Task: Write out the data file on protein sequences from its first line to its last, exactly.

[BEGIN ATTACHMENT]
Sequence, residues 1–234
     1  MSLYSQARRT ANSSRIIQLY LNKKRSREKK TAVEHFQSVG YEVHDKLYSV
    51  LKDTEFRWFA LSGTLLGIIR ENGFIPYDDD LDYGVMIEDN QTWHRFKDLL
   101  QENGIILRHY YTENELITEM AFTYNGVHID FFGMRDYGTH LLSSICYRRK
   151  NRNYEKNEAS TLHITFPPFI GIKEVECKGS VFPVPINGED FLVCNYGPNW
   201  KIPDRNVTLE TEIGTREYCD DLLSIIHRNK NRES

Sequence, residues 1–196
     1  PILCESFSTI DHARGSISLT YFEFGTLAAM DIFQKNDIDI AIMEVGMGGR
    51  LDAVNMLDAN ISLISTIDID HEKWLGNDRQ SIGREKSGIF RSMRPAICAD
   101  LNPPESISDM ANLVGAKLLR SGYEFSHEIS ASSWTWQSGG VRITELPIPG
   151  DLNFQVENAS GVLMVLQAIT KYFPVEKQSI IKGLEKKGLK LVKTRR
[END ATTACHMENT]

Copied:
Sequence, residues 1–234
     1  MSLYSQARRT ANSSRIIQLY LNKKRSREKK TAVEHFQSVG YEVHDKLYSV
    51  LKDTEFRWFA LSGTLLGIIR ENGFIPYDDD LDYGVMIEDN QTWHRFKDLL
   101  QENGIILRHY YTENELITEM AFTYNGVHID FFGMRDYGTH LLSSICYRRK
   151  NRNYEKNEAS TLHITFPPFI GIKEVECKGS VFPVPINGED FLVCNYGPNW
   201  KIPDRNVTLE TEIGTREYCD DLLSIIHRNK NRES

Sequence, residues 1–196
     1  PILCESFSTI DHARGSISLT YFEFGTLAAM DIFQKNDIDI AIMEVGMGGR
    51  LDAVNMLDAN ISLISTIDID HEKWLGNDRQ SIGREKSGIF RSMRPAICAD
   101  LNPPESISDM ANLVGAKLLR SGYEFSHEIS ASSWTWQSGG VRITELPIPG
   151  DLNFQVENAS GVLMVLQAIT KYFPVEKQSI IKGLEKKGLK LVKTRR